AtTQOMA THE MAIN FROM MOROCCO By EDGAR WALLACE. Copyright, !!)?!>, by The Chicago Dally News Co. CIIAPTKll I.. THE PLAY. Rnlph Hamon, shivering In bin light suit, despite the lioiivy ovnrcnal. ho wore, growled his Imprecations as he toiled painfully up the slofp slope of llin snnd hill, and Arabic, is it language .which was specially di'slgm-d for cursing. "You're u fool!" hn stunned. "Did I not toll you a hundred t.lmi-s what to do?" The bliick-benrded cnptiiln of the ilhow shrugged his shoulders. "It was tin; fault of my officer, who now roasts in hell, for I told him Ural to silence nil thf members of the. cruw that were loft on board, but they for- :;cjt this sailor was a pistol." "Why didn't you knock liim <>t) the i eiid'.' " Why did you tiring him on li'.mrd?" growli'd linmon. "Bi'causi! the inim desire Io .settle with him ill their own wny. lie hits .tilled YiiRscf, whom the men loved. 1 think ho will be sorry ho did not die." said the captain ominously, and Ralph Hamon snorted. "What he. will bo sorry for and what he will be hnppy about doesn't, concern me," he growled. "You had the womn.ii in your hands and you did not take her." "If this sailor with a pistol " began the captain agnln, and Ralph Hamon shouted him down. "Curse the sailor with a plslol!" ho shouted. "Do you think I've been lying ill In your foul boat for two days in order to enpture a sailor?" "If you will see him " pleaded the Moor. "I don't want to sen him, hnd 1 don't want him to see inc. If you allowed the woman to e.senpe you are fools iMimigh to let him go nlHO. And do you think T want him to curry the news to Tangier Unit I wns with you on your dhow? Do what you like, with him." He saw the prisoner nt a distance— a tall man whom: face WHS unrecognizable under the mask nf grime, and blood, but he did not venture near to him. Mules were waiting for them at a little village and at the wight of one, more richly caparisoned than the rest, with a saddle of soft red leather and tinkling bells about its neck. Ralph Hamon bit his lip until the blood cunie. It WIIH the palfrey that he had designed for the. girl. With no delay the party mounted and soon a string of a dozen mule.'! was crossing the wild land. They halted for two hours In the afternoon and resumed the journey, halting for the night In the vicinity of a little village of charcoal burners. "You will not come to the play?" said the captain interrogatively. "This man Is of your nice and It would interest you to see them whip him." "It would not make me unhappy lit all," said Ralph, savagely, "but I'm tired." They pitched ti tent for him next, to the chief, and he was on the point of retiring, though the sun had scarcely touched tho weMtcrn horizon, when a diversion came. There was an excited stir amongst the men of the caravan; thedrono of conversation rose to a higher pitch and he inquired the cause. "El Zafouri," was the laconic answer. , Ralph knew tho namo of Hits insurgent chief, though ho had never met him. "Is he here?" "He is coming," said tho other, indifferently, "but I am a good friend fit his and there is nothing to fear." , A cloud of dust on the hill-road was evidence of the size and Importance of El Zafourl's retlnuo; and when, half .S.H hour later, ho pitched his camp near by, Ralph Hamon was glad In }ila heart that, the rebel was likely to fciiovo a friend. .. He went In person to greet the notorious "shnreef," and found him wilting before his tent, a squat and burly man, 'distinctly negroid of countenance, and black. "Peace on your house, Zafouri 1" ha said, conventionally. "And on you pence," mild Kafourl, Iookit;g 1ip slrnlghtly at the stranger. "f think I know you. You arc Hnmon." '"Pliat is iny name," fmid Ralph, gratl- Ilnd that hl.s fume had extended so far. ! "You arc a friend of the Khcrecf Sedi <Haflz?" I Here Ralph Hninon wns OM moro (delicate ground. So rapidly did Sadl ; change his friendships nnd his nllegl- :anees thut, for all he know, ho might I at the moment he a dcndly enemy of 'the man who was watching him. I "Sadl la my agent, ho .said, carefully, |"hut who knows whether he IH my mini now? For Slid I in a man who serves the Him that shirrs. He WIIH perfectly wife In saying thla, fo. the reputation of Sndl Haflz was | common property nnd he was secretly I relieved to Hee the twinkle that came | in Znrouri's dark eyes. ] "Thai Is trim," he said. "Where are you going, luij?" lie addressed the en pin In of the dhow, who had Blood hy Hulph during the interview. "To the Hill hills, Bherocf," he said, and the little Moor stroked his chin, "You are coming the longest wny," lie snld, significantly. "You have a •Thf! dhow en plain nodded. "The ...en told 'fnij of him. He dies, | they say? Well, that is best for him ,and for all. When a man Is asleep lie harms nobody and IH happy. I will come to your play." Kalph would have been present, but nature forbade the exertion. For forty- eight hours ho had been without Bleep and no sooner had he In in down on the mattress that hl« servnnl had spread for him in the lent than he was asleep. ! The play had been fixed for nn hour ,after sunset, and It was of a kind thai was novel to Zafouri. Two lines ol' men arranged themselves at a few paces Interval, leaving a narrow lane through which the prisoner Wys to pace, ostensibly to safety, for If lie 'reached the end of the lane and was sufficiently agile to escapo the two swordsmen placed there to give him his quietus he was free. It was the old, had punishment of running the ! gauntlet, and Jim, who in his ex- 'perlence had heard of this method of !nettling accounts with male factors and political enemies, faced the certainty that, nwlft us he 7nl(;ht run, he <•' uld not hope to Burvlve the hail nl hlowH which would fall on him, for each man in the two lines was armed I with a wooden stave. i ills captors brought him fruit nnd | water. , "Be swift and you will be happy," I Bald one with a chuckle, and was taken aback when Jim answered In ]th<! Moorish Arabic, quoting n familiar tag: "Justice Is faster than birds and more terrible than lions." "Oh!" said his jailer in surprise. "You speak the Inngiiage of God! (Now, friend, speak well for me to tho djliin, for tonight you will live iiniongst ghosts!" They brought him out for the , condemnation and the dhow captain 'squatting in state on a silken carpet, gave judgment. < "Death for death. Who Mils shall be killed," ho recited in a monotonous sing-song. "Remember that, man," said Jim sternly, and Zafouri, who shared the silken carpet with his host, shot a quick glance at the bearded prisoner. They brought the captain a glass bowl of water and he ceremoniously washed his hands of the prisoner. "Listen, man without a name," said Jim in fluent Arabic. "If I die, peopla I will talk and the consequence will come to you wherever you nre, and you will hang In the sok, nnd your soul will go down to Gehenna and meet my soul"—— "Take him away," said the captain huskily. "Let him stay." Tt wns Zafouri who spoke. "Peace on you, Mllake." It was the old Moorish name for him, and Jim'a eyes kindled. "And on you pence, Zafouri, said Jim, recognizing the man. And thon Zafouri drew his squill bulk erect, and, putting his arms about tho prisoner, kissed him on the Hhoill- der. "If nny man says death to my friend, let him say it. now," he said, and his left hand closed over the hilt of his curved sword. The captain did not. speak. CHAl'TKK LI. Tangier lay bathed in the early morning sunlight, a vast mosaic of white and green, and Joan Carston gazed spellbound at the beauty of the city as tho yacht moved slowly Into the bny. Overhead was a cloudless blue sky; and a short wind brought in Its lap a faint, pungent and yet indescribable aroma. "That is the east," sniffed Lord Creith. Joan had thrown off the effects of her lotjriblo experience, but the change which Lord Creith had noticed in her before, they had left England wns more marked than over. "Do you feel equal to going ashore?" She nodded. "You're a wonderful girl, Joan," he said admiringly. "You have had more knock-down blows in the last few weeks than come, to most people in the course of their lives." She laughed. "You can become Inured even to knock-clown blows. I think It would take a human earthquake to disturb me now." He shot a furtive glance in her direction. "You're not worrying any more about—about Morlake?" She seemed to be examining her own mind before she replied. "It is difficult to tell how I feel. I have such faith In him and this feeling—that if anything terrible had happened, I should know." NCXr DOOR TO OMMTS Lord Creith wan otily too hafepy to agree. He had a weakness for agreeing to all cheerful, and for dissenting violently with all dismal predictions. "The captain flays he has arranged to stay here a week and I think we can well afford the time." Ha had booked rooms at the big white hotel that overlooked the beach and, later In the day, from the broad terrace, she could gaze In wonder at the confused jumble of buildings which made modern Tangier. "Rather like the Old Testament lit by electricity," said his lordship. "1 don't Itnow whether I've read that or whether I've invented it. If I've Invented It, it Is jolly good. I hope you're not being disappointed, Joan. These eastern cities are never quite BO pleasant near at hand as they are from three miles out at sea. And the smell —phew 1" He dabbed his nose with his handkerchief and pulled an unpleasant fac«. "Jim lived here for years," she said. "Even that doesn't make It smell like, attar of roses," said her practical father. "What was he doing here?" "Cnpt. Green says lie was In the diplomatic service. I am doing to Inquire." The next day she threaded the tortuous street In which the various consulates were situated. The news she seem -d about Jim Morlake was, however, of the most fragmentary character. By very reason of his profession, the officials at the consulates and embassies were reticent. She was, however, able to confirm the captain's statement, which had been news to her, that for some years Jim Morlake had been something of a power in this city. Lord Creith knew the British minister and they went to tea at the residency and Joan listened without hearing, to the talk of concessions, of representations, of the enormities of the sanitary council and the hideous injustice whlth was Inflicted by the native bnsha upon the unfortunate subjcctn of the sultan. She did not accompany her father in his visit to the prison and she was glut! afterward, when he brought back io highly colored narrative of his ex- periencB. "A hell upon earth," he described it tersely a..d she felt a little sinking of heart. If the methods of the Kasbah was the standard of the Moorish treatment of prisoners then it would go hard with Jim. It was the third day of their visit and already Joan had almost wearied of the town. She had seen the great market-place, had wandered amid the charcoal sellers and the Kneeling camels, had watched the native jugglers and the professional holy men and chaffered with the sellers of brass in the bazaar. "The prettiest part of Tangier one doesn't see. Do you remember that u;'/ street we passed through at the back of the mosque?" she asked. "A very old door opened and I caught a glimpse of the most gorgeous garden and there were two veiled women on a balcony, feeding the pigeons. It was so lovely a picture that I nearly went In." Lord Creith said something about the Insanitary conditions of the houses and went on to discuss the hotel bill. 'Bhat" afternoon they walked up the hill to see a gun play. A number of' tribesmen had come in from the hills to celebrate the anniversary of a local saint's death and at her request he turned aside from the market place to show her the exterior of the prison. She shuddered as a horrible fact leered out at her from behind the bars. "Dp you want to have a look inside?" "No, thank you, daddy," she said hastily, and they turned their steps toward the bazaar. Lord Creith opened his lawn umbrella and put it up, for the sun's rays were unpleasantly hot. "East is cast and west is west," he chanted. "What always interests mo about these fellows Is, what are they thinking about? You don't really get into the east until you understand its psychology." The girl, who had been walking behind him. did not answer, but he was used to that. "Now, If you were to ask me—" he began, and turned his head to emphasize his remarks. Joan was not there! He strode back along the street. A begging men stood at the corner of a court, demanding alms In the name of Allah; a stout-veiled woman was waddling away from him, carrying a basket of native work; but there was no sign of Joan. He looked up at the high walls on either side, as though he expected to find her perched m' -.culornly on the top. And then the seriousness of possibilities struck him and he ran along the uneven cobbled street to the end. He looked left and right, but there was no sign of Joan. In the street he saw four men carrying a wooden case, chanting as they went, and he came back to the beggar and Was about to People who realize the importance of a Clear, Healthy Skin use (flticurei \& SOAP M CLEANSING SOOTHING ANTISEPTIC 3»iu|,lr tree. Adilren: 'Cullcura,' Dept. 161, Maiden, M««t. A Plain Statement of Fact The enthusiastic response which our patrons have always given our OPTICAL DE- PARTMEJNT, proves conclusively, that they are appreciative of our efforts to give them the very best in the way of EYE SERVICE. Ingrown Nail Turns Right Out! Pain Stops Instantly! "Outgro" is u harmless nnliscpin manufactured for chiropodists. Jlow- ever, anyonu can buy from the drug Htore a tiny bottle containing directions. A few drops of "Outgro" in the erev- lue of tho Ingrowing null reduces in- flammatlan and pain and NO toughens the tunder, sensitive skin underneath the toe null, that It can not penetrate the flesh, and the nail turns naturally outward almost over night. FREE! I New Victor Records for Old Dp to and iiK'luiling November UUi, ivo will allow you Klc credit fur every VU-tur Uectml you bring to our store—wo will accept ull your uld Vlctur Itecordn, rcKurtllcitK of uge, *l*o or type. l''or every 7'/-j record* returned we will give you u new 75o Victor Iteeortl. Come In, kriii); your old records, you limy never get un- otlier cuunct) like this. WINTER MUSIC HOUSE 141S llth Avenue We Examine Eyes Accurately because ibis important work is entrusted only Io a College Graduate, State Registered Eyesight Specialist. Only the latest and most advanced scientific instruments are uw;d. All guess work lias been i liniiiialed. We Guarantee All Lens Changes for An Entire Year because \\e Inive every confidence in scientific accuracy of our eye examinations and are always willing to warrant their (•(irreclni-SM mil satisfaction. We Guarantee the Quality of Our Frames and Lenses because we use only tin 1 , finest materials obtainable. Our frames and lenses are nationally advertised and are well qualified Io carry out the results of our examinations. Featuring For November The "Cortleigh" A while ^d filled framed with- solid gold puds. Your own lenses inserted free. The "Archer" High bridge xylonite, good looking 11 nil comfortable. A popular style. $4-85 The "Patrician" Another s.i.art high bridge slyle, plain or engraved. Your lenses inserted free. £ C -25 Our Prices Are Lowest because all of. our purchasing is done together with a group of other large stores, and is known as "Syndicate" buying. The saving effected by this system is passed on to our 'patrons. Our Service Is Best because we maintain our own fully equipped optical laboratory, where we grind all our own lenses. This shop is in charge of expert opticians. Prompt, accurate. Gable's Is the Logical Place because our optometrist is scientific and accurate; our lenses are guaranteed; our quality is sold to you under a u arrant of satisfaction; we maintain our own laboratory; and our values are the jest. Use Your Charge Account Private Examining Room OPTICAL SHOP Gable's ARCADE ANNEX ask him 1? ha had seen a lady, when he saw that the »a.n Had been blinded. . "Joan I" he roared. Ther'e was no answer. A man who was asleep in the shadow of a doorway woke with ft start, stared at the pallid old man, then, cursing all foreigners who disturb the rest of the faithful, curled up and went to sleep again. Lord Creith saw in the distance ft French officer of gendarmes and ran up to him. "Have you seen a European lady— my daughter?"—he began incoherently. Rapidly he told the story of the girl's disappearance. "Probably she has gone into one of the houses. Have you any Moorish friends?" asked the officer. "None," said Lord Creith emphatically. "Where was she When you saw her last?"—and Lord Creith pointed. "There Is a short cut to the sole near here," suggested the officer and Jed the way. But Joan was not in the big mar- ket-placb and Lord Creith hurried back to the hotel. The lady had not returned, the manager told him. She was not on the terrace. The only person on the terrace was a tall man In gray, who was fanning himself gently with his broad-brimmed sombrero. He looked around at the sound of Lord Creith's voice, and jumping to 2309 Broad Avenue Phono 9755 S. M. Griffith Co. WAIT, PAPER AND PAINTS 905 Green Avenue his feet hurried toward film. "MoMakSl" gftSjped Cfeith. "io6.fi".— "what has happened to h«H" asked Jlift quickly. "She has,disappeared 1 My God! I'm afraid—I'm afraid!" <TO Bo Continued) Plate* $12 And up PalnleM Extracting Sleep Air or Novocaln (Aftloep) or (Awnhc) Tc»etri filled without ualn. Plates repaired while you wait. Very Moderate prices. Open evenings Free examinations. Phone 2-5582. l>n. STETI.ER, 4th floor. Take elevator to 4th floor, Stihulte Cleat Store Bldg.. lltn Ave and 12th St. Entrance next to Kranlch'B Jewelry Store. LIVINGSTON'S XXX X BREAD Made tritti Potatoes TV.I QCOC Ono ol out driven! win Dial 83JO be pteiucd to serve yon no knowing when a loss may strike you, The only safe way is insurance, and, of course, with us. Morgan-Martin * Company Central Trust Bldg. Phone 8107 \ Make Some Easy Money In The Christmas > Treasure Hunt * $300.00 In Cash Prizes Then come to Poet's for "Better Furniture For Less" I I, I 722 Union Avenue Gable's DOWNSTAIRS STORE Suburban Day Sale of Lovely Fall Dresses Values to $9.75 •One and two-piece dresses of jersey, flat crepe, covert, and wool crepe in browns, blues, wine, tan, green and black. Dresses in this group for every occasion. Sizes for misses and women. You will want at least two at this special Suburban Day price. Newest Lines and Trimmings In These Winter Coats Real $22.50 to $27.50 Values Coats for dress, street or sports wear in fancy plaids, mixtures and ombre effects, also the popular tan and grey fur fabric coats, and the fur-trimmed broadcloths. Sizes for misses and women. DOWNSTAIRS STORE—BASEMENT 800 Pairs New Fall Regular $5 Values Discontinued numbers from our regular stock as well as a special purchase of sample shoes in patent, satin, suede, kid, calf and combinations. All sizes in the group. AH Heel Heights BASEMENT Special Sale Good Hose 5 Qr i/C heels. 81/2 to 10. Women's chiffon and service weight silk hose, silk-to-the-top. Square, pointed or contrasting The wanted Fall shades. Sizes Should Sell for 89c Note These Wednesday SPECIALS For Entire Family Women^s Wash Dresses of broadcloth and linene with long fk"7 ^ sleeves «/1 v Women's Nainsook and Broadcloth Slips. 79c value,...... Rayon Step-ins, Panties, Chemise and Combinations. Pastel colors Children's School Dresses of d» 1 AA printed fabrics. Sizes to 14 «pl«VrU Children's Flannelette Sleepers, CQ Gowns and Pajamas......... Dt/C Men's Broadcloth Shirts in collar-attached and neckband styles , ;. i 'Men's and Boys' Novelty d* 1 ! A A Sweaters in fancy patterns «pJuUU Boys' Leatherette Coats in d»/» AA black or brown. $9.75 value «PU.»fU BASEMENT New Autumn Felt Close-fitting, off-the- face and other models in the newest shades. All head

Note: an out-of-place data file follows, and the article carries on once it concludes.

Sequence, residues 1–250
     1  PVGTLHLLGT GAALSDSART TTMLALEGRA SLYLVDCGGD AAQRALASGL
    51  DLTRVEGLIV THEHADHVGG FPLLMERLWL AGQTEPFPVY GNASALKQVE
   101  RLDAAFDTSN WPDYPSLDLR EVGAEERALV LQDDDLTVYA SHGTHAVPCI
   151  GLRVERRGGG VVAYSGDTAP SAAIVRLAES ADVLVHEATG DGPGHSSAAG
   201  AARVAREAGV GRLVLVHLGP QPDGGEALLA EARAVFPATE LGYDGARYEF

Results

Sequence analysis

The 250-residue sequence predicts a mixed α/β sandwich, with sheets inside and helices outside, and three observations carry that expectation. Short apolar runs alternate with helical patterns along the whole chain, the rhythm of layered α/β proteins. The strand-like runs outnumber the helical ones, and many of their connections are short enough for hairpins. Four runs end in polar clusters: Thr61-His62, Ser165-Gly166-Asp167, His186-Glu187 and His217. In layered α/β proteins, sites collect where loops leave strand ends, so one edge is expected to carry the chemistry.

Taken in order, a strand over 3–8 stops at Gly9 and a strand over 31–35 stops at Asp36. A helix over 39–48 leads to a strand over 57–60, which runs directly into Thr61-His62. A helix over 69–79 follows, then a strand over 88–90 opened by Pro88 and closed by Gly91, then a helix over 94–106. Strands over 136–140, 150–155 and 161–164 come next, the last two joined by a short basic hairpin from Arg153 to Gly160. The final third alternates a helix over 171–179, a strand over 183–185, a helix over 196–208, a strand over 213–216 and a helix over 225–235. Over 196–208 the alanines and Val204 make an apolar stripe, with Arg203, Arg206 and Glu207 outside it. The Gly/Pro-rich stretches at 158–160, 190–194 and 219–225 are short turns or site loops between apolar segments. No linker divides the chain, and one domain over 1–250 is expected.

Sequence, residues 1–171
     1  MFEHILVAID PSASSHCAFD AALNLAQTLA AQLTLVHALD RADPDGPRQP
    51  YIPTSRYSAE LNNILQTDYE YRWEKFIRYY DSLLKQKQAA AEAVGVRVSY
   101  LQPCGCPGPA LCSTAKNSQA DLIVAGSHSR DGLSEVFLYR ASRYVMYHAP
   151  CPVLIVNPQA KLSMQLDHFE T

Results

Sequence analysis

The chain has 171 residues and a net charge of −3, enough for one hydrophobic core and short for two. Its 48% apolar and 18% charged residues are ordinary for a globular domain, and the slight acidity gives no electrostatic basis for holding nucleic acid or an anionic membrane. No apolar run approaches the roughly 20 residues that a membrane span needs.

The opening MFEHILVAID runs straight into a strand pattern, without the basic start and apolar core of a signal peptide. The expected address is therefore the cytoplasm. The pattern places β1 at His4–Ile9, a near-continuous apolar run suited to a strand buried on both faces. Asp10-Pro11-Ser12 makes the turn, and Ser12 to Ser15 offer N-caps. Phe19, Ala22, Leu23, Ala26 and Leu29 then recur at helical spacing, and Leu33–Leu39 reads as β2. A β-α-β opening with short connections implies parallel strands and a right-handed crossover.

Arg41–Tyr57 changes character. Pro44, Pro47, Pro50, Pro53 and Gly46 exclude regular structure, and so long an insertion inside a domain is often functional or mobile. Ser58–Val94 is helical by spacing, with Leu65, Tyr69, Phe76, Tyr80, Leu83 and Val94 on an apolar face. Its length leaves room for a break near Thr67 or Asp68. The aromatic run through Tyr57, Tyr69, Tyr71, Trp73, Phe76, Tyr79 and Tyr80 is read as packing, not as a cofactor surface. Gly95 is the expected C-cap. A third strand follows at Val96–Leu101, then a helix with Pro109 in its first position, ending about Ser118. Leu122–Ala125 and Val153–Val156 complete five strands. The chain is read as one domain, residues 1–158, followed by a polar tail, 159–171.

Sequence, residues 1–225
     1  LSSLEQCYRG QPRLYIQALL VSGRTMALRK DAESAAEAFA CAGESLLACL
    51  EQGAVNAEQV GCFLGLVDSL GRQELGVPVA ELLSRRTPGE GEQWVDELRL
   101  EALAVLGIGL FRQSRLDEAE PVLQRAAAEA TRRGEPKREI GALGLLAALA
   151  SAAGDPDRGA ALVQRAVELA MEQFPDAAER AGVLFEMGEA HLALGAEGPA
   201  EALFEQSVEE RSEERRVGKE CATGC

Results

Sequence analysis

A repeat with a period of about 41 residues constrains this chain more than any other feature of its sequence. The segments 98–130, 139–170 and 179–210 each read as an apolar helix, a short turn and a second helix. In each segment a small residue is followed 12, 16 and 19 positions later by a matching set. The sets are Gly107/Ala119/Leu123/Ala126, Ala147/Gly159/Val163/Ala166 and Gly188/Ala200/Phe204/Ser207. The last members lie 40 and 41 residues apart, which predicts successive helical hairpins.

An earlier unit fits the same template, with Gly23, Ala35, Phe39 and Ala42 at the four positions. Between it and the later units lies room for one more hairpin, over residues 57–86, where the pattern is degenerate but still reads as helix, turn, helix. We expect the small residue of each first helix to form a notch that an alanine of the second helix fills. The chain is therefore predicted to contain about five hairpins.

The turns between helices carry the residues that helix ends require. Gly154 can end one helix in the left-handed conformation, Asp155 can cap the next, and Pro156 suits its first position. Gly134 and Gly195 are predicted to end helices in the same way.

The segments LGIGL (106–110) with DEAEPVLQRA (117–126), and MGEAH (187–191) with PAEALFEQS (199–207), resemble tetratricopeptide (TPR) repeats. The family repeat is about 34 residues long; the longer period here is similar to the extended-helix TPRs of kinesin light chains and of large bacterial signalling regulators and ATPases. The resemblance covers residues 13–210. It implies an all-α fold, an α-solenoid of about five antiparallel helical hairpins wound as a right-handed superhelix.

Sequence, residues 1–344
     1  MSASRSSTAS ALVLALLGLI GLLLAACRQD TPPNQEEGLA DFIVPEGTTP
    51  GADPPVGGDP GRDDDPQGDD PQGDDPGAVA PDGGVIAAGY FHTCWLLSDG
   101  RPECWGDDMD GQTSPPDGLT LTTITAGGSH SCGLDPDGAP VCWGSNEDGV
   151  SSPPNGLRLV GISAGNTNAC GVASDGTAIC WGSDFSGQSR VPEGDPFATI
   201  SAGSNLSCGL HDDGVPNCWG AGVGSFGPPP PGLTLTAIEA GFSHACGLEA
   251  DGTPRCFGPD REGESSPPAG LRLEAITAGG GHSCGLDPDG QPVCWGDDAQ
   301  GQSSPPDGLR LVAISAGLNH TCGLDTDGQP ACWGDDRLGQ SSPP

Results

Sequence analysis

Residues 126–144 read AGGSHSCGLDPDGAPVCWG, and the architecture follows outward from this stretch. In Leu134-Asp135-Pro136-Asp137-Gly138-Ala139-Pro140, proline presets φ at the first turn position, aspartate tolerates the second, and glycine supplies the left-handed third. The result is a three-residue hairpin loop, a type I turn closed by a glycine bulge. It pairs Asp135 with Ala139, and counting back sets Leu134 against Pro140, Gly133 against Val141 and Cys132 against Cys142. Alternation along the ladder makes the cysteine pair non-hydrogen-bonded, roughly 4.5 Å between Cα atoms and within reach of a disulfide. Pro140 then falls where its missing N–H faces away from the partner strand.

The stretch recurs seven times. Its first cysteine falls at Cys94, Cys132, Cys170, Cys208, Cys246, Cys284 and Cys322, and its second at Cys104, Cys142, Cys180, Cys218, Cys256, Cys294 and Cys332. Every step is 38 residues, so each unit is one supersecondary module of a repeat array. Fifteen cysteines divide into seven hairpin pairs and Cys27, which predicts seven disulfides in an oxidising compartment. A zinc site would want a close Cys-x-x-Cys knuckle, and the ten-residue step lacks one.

What members have found on this page

Get access to Newspapers.com

  • The largest online newspaper archive
  • 11,200+ newspapers from the 1700s–2000s
  • Millions of additional pages added every month

Try it free